There are about 25,000 devices using the Monal push sever at the moment. The good news is there have been very few errors on the server and my AWS instances have been able to handle this traffic without problems. This also provides me with a lot of data points for the effectiveness of push. For most people it near 100% reliable. I am trying to nail down some issues with notifications. I think I have found issues on both prosody and ejabberd’s push modules and will file bugs to work with the developers. They are two different issues, prosody servers seem to send hundreds of extra pushes and will drain your battery (this is especially true if you have group chats, which is how I found this). The battery drain at times is pretty terrible. On an iPhone X it was using 20% of my battery at least and was running for 14 hrs in the background. Ejabberd in comparison uses maybe 1% battery in a day with a few min in the background. Interestingly the bug I have found in ejabberd is the opposite, occasionally, for example at night, when there is a prolonged period of inactivity, some pushes do not arrive and there isn’t a notification for the message.

If you want to help me test things out, feel free to send messages to any of these addresses:

My Prosody test accounts:

anurodhp@jabb3r.org

anu@yax.im

My Ejabberd test accounts:

anurodhp@blabber.im

anu.pokharel@conversations.im

by Anu at May 20, 2019 14:33

ProcessOne

Real-time Enterprise Issue #21

ProcessOne curates two monthly newsletters – tech-focused Real-time Stack and business-focused Real-time Enterprise. Here are the articles concerning business aspects of real-time development we found interesting in Issue #21. To receive this newsletter straight in your inbox on the day it’s published, subscribe here.

30th Anniversary of the Web: Understanding its Core Values

The Web was born 30 years ago. We all know that it has changed the world, even more deeply than smartphones. However, while it is time to celebrate it is also a good time to think about its future and how we can protect its core values.

Getting Ready for Real-Time Decisioning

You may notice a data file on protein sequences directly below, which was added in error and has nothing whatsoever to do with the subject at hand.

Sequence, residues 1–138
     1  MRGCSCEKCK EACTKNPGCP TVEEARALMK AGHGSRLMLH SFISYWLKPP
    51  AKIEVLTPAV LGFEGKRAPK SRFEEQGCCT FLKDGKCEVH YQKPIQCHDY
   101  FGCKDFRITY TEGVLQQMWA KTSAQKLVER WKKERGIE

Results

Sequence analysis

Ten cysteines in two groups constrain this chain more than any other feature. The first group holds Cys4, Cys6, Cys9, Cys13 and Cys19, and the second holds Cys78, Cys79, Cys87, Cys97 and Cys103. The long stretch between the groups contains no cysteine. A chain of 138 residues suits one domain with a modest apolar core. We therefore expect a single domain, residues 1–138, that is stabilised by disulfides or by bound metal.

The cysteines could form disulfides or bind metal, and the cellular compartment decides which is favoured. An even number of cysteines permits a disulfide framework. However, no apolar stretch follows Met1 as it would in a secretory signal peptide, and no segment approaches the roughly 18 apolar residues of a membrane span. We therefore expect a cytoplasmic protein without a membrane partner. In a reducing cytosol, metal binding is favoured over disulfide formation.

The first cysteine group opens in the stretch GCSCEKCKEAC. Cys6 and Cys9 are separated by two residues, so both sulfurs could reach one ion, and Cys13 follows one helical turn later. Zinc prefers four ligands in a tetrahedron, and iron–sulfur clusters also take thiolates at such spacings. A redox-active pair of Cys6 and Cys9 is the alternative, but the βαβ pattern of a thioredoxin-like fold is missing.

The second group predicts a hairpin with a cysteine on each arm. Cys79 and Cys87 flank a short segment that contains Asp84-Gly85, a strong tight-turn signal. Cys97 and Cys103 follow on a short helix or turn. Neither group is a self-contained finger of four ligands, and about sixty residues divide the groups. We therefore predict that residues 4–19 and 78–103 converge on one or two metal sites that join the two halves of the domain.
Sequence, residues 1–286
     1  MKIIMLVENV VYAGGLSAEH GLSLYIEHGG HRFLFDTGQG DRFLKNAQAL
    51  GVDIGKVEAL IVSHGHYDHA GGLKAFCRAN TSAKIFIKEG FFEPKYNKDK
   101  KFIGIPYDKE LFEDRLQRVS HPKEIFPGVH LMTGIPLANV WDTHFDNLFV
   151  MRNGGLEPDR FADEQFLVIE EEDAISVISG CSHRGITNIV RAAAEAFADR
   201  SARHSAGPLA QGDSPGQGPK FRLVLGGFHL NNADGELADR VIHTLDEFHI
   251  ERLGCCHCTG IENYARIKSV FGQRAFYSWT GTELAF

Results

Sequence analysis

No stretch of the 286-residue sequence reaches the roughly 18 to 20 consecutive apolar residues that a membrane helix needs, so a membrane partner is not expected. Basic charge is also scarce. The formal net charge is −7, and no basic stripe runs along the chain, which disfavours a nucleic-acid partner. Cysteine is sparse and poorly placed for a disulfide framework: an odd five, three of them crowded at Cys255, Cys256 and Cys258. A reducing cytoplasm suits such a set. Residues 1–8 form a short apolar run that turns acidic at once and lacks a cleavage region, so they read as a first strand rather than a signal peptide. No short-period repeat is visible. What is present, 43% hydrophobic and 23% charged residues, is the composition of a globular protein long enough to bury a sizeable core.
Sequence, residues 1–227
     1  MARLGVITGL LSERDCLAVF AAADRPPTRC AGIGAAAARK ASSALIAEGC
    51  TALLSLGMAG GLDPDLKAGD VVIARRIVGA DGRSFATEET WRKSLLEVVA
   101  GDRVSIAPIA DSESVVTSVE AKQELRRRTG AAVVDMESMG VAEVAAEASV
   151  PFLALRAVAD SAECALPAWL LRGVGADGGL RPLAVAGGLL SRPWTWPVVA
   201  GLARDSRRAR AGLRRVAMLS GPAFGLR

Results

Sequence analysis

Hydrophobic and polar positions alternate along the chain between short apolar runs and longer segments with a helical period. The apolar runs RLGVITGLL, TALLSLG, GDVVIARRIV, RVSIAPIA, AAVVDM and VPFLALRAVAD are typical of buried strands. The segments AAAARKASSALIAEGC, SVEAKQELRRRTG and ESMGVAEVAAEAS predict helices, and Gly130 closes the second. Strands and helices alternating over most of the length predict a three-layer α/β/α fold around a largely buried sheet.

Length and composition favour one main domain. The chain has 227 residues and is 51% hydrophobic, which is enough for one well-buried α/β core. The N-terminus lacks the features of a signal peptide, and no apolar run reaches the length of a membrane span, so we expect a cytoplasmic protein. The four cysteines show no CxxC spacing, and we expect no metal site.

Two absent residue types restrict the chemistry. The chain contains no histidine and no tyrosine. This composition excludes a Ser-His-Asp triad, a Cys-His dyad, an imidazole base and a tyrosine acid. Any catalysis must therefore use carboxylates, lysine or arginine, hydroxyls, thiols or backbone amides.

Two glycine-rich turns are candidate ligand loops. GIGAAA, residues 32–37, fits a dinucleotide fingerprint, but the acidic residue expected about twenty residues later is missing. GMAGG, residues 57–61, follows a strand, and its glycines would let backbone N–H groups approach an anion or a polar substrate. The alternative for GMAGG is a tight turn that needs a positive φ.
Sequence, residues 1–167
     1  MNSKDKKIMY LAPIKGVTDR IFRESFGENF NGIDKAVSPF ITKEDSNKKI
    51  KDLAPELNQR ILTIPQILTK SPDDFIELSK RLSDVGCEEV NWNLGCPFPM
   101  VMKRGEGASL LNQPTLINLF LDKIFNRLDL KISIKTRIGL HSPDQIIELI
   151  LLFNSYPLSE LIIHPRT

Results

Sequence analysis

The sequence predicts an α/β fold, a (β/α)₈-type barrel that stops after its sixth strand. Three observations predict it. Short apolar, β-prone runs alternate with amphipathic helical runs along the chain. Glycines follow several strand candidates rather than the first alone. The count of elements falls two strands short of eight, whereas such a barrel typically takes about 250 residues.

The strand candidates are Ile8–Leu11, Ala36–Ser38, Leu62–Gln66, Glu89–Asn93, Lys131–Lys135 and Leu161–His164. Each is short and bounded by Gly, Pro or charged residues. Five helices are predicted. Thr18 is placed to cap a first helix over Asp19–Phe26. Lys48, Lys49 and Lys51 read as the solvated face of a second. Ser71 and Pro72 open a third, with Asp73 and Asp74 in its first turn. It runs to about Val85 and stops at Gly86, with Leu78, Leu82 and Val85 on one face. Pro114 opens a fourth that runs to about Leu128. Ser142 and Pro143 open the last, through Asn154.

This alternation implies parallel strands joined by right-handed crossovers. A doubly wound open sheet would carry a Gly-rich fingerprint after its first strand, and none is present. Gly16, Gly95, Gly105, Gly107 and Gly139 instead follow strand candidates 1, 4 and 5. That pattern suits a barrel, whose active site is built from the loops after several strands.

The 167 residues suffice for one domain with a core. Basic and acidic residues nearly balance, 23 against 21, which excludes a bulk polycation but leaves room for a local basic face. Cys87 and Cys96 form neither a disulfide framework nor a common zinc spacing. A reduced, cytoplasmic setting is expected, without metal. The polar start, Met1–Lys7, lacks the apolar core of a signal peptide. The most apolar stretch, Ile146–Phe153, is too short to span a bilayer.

There is no end in sight to the growing amounts of data in today’s digital world. By 2020, analysts project there will be 6 billion smartphones and 50 billion telematics devices as an ever-increasing number of people access the internet and devices go online to communicate in a connected world.

Scotiabank Implements Real-Time Wire Tracking for Business Customers

Through this development, Scotiabank becomes the first Canadian bank to offer this self-service tracking tool. The functionality leverages SWIFT’s Global Payments Initiative. This enables Scotiabank business customers to track their wire payments in real-time.

StellaService Raises $11M For Real-Time Customer Feedback

The company helps customer support teams analyze and improve performance in real time. With the new API-powered platform, customer service representatives receive immediate feedback from customers through a digestible, social media-like user interface.

IoT Study Reveals Increasing Maturity

That’s the findings of Vodafone’s latest IoT Barometer study. As the global leader of Internet of Things infrastructure with nearly 81 million connections, Vodafone surveyed 1,758 businesses across the globe.

Five Ways to Incorporate IoT in Small Business

Now that consumers are more excited about IoT, the focus is switching gears toward business applications for IoT. And, while there are applications for industrial and commercial use, small business owners may be wondering if this is the time to invest in IoT.

Tech firms ramp up efforts to woo the energy industry

Amazon, Google and Microsoft see old industrial giants as a new source of income. Energy companies are keen to produce oil and gas more efficiently, as they grapple with volatile prices and uncertain long-term demand. Digital investments promise to cut costs and boost output.